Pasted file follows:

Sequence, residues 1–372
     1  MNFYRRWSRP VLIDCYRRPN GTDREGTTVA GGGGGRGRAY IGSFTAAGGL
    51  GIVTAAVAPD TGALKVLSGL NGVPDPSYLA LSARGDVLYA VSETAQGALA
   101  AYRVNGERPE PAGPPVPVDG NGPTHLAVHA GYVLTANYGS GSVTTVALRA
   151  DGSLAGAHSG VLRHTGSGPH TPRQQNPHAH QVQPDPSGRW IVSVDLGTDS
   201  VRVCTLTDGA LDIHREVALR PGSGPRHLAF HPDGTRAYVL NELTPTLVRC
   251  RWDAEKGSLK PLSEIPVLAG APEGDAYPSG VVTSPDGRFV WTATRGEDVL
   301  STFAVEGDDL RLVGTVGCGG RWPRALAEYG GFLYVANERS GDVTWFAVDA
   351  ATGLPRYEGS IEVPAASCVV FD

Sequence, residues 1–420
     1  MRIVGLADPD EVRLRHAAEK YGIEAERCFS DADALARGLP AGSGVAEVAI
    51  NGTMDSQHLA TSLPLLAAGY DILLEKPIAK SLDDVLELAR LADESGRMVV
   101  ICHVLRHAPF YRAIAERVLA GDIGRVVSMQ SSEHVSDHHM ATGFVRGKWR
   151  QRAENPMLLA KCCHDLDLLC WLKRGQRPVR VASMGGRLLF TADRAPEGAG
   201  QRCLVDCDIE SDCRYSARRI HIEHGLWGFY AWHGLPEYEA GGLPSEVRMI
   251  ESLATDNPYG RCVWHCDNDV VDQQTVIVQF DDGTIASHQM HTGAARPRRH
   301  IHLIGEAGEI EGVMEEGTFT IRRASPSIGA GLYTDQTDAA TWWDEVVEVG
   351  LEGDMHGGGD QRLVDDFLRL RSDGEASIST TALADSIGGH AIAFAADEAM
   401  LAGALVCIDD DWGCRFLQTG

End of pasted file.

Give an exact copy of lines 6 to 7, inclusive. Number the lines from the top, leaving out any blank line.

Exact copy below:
   201  VRVCTLTDGA LDIHREVALR PGSGPRHLAF HPDGTRAYVL NELTPTLVRC
   251  RWDAEKGSLK PLSEIPVLAG APEGDAYPSG VVTSPDGRFV WTATRGEDVL